October 10, 2009

Various uses of the word "Theological"

I have long been confused and frustrated by people who use the word “theological” and I think I’m finally beginning to understand the main reason why. As far as I can tell, it’s quite simply being used in too many ways, in various circles.

In academic writing and conversation, “theological” can be genuinely God oriented, or skeptically dismissive, or deliberately ('admirably') vague, or politically expedient. At various places and times, it can either denote spiritual facticity or creative philosophies, or it can be merely an academic categorization intended to alter the rules of engagement.

Depending on who is writing or speaking, the word “theological” may subtly suggest an academic’s personal cry for holy devotion, or it may thinly veil someone else’s opinions of superstitiously invented beliefs. Skeptics and believers alike can use this word as a weapon or as a dividing wall – which means I must be really stupid to pick such a battle with both sides at once, but I feel that I must.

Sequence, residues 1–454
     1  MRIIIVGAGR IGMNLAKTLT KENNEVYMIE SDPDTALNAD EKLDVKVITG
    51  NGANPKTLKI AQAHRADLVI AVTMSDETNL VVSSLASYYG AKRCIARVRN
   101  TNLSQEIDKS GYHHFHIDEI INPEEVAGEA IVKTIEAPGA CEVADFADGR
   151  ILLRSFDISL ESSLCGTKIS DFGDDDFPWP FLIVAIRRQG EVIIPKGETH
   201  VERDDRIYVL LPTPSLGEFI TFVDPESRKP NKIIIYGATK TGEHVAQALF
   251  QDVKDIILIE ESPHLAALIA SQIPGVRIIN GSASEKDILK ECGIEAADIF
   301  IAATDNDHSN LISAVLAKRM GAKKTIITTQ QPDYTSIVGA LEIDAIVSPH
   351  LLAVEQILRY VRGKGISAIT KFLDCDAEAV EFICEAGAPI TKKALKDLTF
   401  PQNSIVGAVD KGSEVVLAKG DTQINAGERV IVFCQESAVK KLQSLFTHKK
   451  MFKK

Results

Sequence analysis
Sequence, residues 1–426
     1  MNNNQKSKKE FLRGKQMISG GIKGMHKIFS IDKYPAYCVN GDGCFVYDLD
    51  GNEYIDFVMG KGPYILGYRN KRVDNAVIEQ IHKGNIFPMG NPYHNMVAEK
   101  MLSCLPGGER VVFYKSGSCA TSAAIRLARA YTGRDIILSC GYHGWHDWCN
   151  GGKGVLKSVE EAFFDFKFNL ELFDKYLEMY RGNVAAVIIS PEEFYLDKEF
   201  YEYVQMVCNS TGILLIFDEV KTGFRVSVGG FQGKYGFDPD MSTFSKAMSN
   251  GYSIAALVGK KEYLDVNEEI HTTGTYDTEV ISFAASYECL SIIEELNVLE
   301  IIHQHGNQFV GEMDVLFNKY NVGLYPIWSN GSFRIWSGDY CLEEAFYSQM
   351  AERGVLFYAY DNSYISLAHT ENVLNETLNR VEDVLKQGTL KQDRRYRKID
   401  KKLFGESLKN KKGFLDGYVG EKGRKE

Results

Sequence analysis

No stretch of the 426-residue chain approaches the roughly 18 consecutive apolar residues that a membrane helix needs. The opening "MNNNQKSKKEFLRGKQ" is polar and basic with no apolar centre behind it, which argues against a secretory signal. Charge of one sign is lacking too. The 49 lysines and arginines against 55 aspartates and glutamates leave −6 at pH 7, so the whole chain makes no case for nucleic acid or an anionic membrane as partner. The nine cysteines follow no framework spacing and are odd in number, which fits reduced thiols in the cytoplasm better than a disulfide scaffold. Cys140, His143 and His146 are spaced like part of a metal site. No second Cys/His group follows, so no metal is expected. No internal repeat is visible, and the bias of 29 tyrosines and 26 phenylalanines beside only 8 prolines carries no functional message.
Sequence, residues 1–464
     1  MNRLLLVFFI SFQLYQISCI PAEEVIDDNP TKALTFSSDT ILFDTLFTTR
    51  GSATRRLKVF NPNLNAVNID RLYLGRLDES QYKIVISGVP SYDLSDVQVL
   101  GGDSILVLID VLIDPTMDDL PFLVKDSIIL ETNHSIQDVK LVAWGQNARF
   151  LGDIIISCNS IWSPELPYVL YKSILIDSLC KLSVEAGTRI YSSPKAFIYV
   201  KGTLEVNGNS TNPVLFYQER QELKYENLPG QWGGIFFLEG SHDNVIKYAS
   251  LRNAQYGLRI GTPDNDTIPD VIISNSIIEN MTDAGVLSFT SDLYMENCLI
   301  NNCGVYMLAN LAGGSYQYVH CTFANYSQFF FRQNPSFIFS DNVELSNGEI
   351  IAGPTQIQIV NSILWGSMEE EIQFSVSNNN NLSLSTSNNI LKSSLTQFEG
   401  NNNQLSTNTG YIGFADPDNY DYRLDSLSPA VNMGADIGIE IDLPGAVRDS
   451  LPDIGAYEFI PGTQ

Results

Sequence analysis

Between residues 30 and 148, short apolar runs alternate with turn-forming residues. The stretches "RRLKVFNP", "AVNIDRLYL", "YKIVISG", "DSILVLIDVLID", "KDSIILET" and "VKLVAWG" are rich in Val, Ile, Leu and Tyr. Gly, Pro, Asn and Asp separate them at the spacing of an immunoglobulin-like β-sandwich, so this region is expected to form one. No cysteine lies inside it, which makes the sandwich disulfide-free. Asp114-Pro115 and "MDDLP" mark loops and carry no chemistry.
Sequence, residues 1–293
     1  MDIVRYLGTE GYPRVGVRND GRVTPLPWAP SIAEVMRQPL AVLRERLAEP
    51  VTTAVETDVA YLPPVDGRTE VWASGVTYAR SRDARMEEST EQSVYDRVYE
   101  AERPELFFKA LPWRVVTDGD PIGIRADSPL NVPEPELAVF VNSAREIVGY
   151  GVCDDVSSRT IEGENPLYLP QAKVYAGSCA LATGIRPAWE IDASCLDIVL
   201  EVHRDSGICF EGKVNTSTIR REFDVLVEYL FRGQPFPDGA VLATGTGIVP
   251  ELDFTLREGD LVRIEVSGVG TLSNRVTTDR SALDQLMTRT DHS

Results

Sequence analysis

I simply do not understand how any term that is so flexible in meaning can be employed with enough precision to be of any consistent and lasting use, academically. Is this clear, effective, positive communication? Does this really provide the kind of specificity academic pursuits are supposed to require? In other words, am I really the only nimrod who struggles with this?!? I suspect not. But if no one else speaks up, I'll continue to wonder...

One explanation may be that Biblical Studies is still moving slowly away from an age in which political needs outstripped academic desires. The overall custom does seem to do a very good job of keeping certain things in specific places. Aaaaand that'll be my cue to shut up now. ;-)

For now...

No comments:

Recent Posts
Recent Posts Widget
"If I have ever made any valuable discoveries, it has been owing more to patient observation than to any other reason."

-- Isaac Newton